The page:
Dodd’s successor was Hugh Wilson, a diplomat of the old-fashioned mode that Dodd long had railed against. It was Wilson, in fact, who had first described the foreign service as “a pretty good club.” Wilson’s maxim, coined by Talleyrand before him, was not exactly stirring: “Above all, not too much zeal.” As ambassador, Wilson sought to emphasize the positive aspects of Nazi Germany and carried on a one-man campaign of appeasement. He promised Germany’s new foreign minister, Joachim von Ribbentrop, that if war began in Europe he would do all he could to keep America out. Wilson accused the American press of being “Jewish controlled” and of singing a “hymn of hate while efforts are made over here to build a better future.” He praised Hitler as “the man who has pulled his people from moral and economic despair into the state of pride and evident prosperity they now enjoyed.” He particularly admired the Nazi “Strength through Joy” program, which provided all German workers with no-expense vacations and other entertainments. Wilson saw it as a powerful tool for helping Germany resist communist inroads and suppressing workers’ demands for higher wages—money that workers would squander on “idiotic things as a rule.” He saw this approach as one that “is going to be beneficial to the world at large.”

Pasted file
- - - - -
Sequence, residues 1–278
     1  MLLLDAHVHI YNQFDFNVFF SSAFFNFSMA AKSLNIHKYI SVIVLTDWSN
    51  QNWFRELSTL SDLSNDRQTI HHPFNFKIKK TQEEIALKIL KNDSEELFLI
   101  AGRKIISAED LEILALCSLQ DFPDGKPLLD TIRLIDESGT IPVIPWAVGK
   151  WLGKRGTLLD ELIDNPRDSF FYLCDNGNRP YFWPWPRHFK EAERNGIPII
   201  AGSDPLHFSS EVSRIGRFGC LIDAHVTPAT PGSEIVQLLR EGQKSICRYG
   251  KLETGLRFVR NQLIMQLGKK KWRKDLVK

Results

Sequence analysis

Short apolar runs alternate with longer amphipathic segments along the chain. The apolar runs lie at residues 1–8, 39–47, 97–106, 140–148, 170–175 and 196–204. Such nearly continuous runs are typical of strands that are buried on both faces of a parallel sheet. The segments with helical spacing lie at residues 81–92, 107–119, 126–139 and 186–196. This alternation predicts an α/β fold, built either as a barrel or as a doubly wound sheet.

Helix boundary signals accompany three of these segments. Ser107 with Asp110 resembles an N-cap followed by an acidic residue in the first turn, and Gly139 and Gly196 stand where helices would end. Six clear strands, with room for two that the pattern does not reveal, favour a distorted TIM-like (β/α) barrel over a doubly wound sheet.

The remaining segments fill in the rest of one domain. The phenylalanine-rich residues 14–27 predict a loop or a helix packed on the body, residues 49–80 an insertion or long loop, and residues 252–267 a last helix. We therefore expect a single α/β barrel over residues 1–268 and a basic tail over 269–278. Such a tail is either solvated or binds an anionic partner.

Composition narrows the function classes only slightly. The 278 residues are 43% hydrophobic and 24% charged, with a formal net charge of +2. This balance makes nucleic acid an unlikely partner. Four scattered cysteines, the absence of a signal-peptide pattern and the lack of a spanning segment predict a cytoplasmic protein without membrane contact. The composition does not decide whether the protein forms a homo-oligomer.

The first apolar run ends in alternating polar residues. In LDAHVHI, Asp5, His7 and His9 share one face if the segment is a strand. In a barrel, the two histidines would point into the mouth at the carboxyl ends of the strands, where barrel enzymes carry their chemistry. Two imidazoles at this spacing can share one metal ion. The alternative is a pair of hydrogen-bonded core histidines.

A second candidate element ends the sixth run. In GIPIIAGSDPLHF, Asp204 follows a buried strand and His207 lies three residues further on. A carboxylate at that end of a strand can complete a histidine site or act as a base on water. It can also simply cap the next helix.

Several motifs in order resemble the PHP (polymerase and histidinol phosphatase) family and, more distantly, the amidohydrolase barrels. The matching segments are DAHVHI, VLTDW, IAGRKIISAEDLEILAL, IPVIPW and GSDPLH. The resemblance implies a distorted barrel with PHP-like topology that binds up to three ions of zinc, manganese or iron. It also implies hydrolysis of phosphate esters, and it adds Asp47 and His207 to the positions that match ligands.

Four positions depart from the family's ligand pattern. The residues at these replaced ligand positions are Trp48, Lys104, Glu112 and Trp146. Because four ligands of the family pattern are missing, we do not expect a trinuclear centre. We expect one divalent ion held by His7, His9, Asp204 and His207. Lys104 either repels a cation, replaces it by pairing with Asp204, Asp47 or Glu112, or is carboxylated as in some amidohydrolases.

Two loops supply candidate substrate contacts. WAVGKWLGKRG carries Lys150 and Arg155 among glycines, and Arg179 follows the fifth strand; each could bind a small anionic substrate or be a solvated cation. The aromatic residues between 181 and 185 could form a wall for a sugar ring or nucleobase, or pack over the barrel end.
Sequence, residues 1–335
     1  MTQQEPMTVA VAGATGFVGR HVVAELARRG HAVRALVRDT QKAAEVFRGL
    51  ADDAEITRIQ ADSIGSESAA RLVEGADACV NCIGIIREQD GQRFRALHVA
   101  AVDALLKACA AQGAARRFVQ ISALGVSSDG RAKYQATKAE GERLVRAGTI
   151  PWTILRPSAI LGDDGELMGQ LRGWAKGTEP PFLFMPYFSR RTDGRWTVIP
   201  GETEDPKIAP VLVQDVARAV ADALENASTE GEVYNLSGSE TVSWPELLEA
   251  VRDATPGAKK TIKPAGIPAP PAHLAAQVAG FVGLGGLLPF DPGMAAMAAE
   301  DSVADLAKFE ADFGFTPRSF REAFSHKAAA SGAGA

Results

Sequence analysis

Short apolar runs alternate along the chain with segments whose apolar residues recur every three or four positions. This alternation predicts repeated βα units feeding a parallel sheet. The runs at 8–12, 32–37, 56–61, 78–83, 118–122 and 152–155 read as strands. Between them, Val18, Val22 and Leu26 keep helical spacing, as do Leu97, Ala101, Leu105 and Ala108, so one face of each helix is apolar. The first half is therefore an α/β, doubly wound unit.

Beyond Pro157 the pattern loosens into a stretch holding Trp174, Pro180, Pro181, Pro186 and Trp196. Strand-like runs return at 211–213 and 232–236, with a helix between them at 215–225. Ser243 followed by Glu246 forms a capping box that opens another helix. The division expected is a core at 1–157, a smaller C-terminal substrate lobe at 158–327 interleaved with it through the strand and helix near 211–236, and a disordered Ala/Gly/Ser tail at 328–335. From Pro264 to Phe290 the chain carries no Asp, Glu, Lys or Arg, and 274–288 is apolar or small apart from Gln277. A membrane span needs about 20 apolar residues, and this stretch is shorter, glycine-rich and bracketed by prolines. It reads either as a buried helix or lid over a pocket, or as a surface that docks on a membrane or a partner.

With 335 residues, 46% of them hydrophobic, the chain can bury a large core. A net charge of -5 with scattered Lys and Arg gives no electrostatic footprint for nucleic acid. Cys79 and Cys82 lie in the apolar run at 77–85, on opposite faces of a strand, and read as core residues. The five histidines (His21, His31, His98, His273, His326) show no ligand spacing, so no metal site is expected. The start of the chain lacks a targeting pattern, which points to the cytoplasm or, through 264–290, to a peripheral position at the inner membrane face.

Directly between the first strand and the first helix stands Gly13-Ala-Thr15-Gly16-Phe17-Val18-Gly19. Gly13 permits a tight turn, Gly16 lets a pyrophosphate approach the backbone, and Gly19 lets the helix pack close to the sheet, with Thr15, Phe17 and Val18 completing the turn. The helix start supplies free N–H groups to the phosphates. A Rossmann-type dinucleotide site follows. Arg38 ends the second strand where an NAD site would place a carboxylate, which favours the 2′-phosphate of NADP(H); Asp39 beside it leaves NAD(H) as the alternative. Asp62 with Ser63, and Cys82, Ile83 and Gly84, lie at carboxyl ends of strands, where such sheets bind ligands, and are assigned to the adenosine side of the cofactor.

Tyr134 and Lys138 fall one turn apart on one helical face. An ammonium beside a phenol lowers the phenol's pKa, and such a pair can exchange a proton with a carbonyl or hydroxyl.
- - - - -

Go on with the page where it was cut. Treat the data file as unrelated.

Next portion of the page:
William Bullitt, in a letter from Paris dated December 7, 1937, praised Roosevelt for choosing Wilson, stating, “I do think that the chances for peace in Europe are increased definitely by your appointment of Hugh to Berlin, and I thank you profoundly.”

In the end, of course, neither Dodd’s nor Wilson’s approach mattered very much. As Hitler consolidated his power and cowed his public, only some extreme gesture of American disapproval could have had any effect, perhaps the “forcible intervention” suggested by George Messersmith in September 1933. Such an act, however, would have been politically unthinkable with America succumbing more and more to the fantasy that it could avoid involvement in the squabbles of Europe. “But history,” wrote Dodd’s friend Claude Bowers, ambassador to Spain and later Chile, “will record that in a period when the forces of tyranny were mobilizing for the extermination of liberty and democracy everywhere, when a mistaken policy of ‘appeasement’ was stocking the arsenals of despotism, and when in many high social, and some political, circles, fascism was a fad and democracy anathema, he stood foursquare for our democratic way of life, fought the good fight and kept the faith, and when death touched him his flag was flying still.”

And indeed one has to wonder: For Goebbels’s Der Angriff to attack Dodd as he lay prostrate in a hospital bed, was he really so ineffectual as his enemies believed? In the end, Dodd proved to be exactly what Roosevelt had wanted, a lone beacon of American freedom and hope in a land of gathering darkness.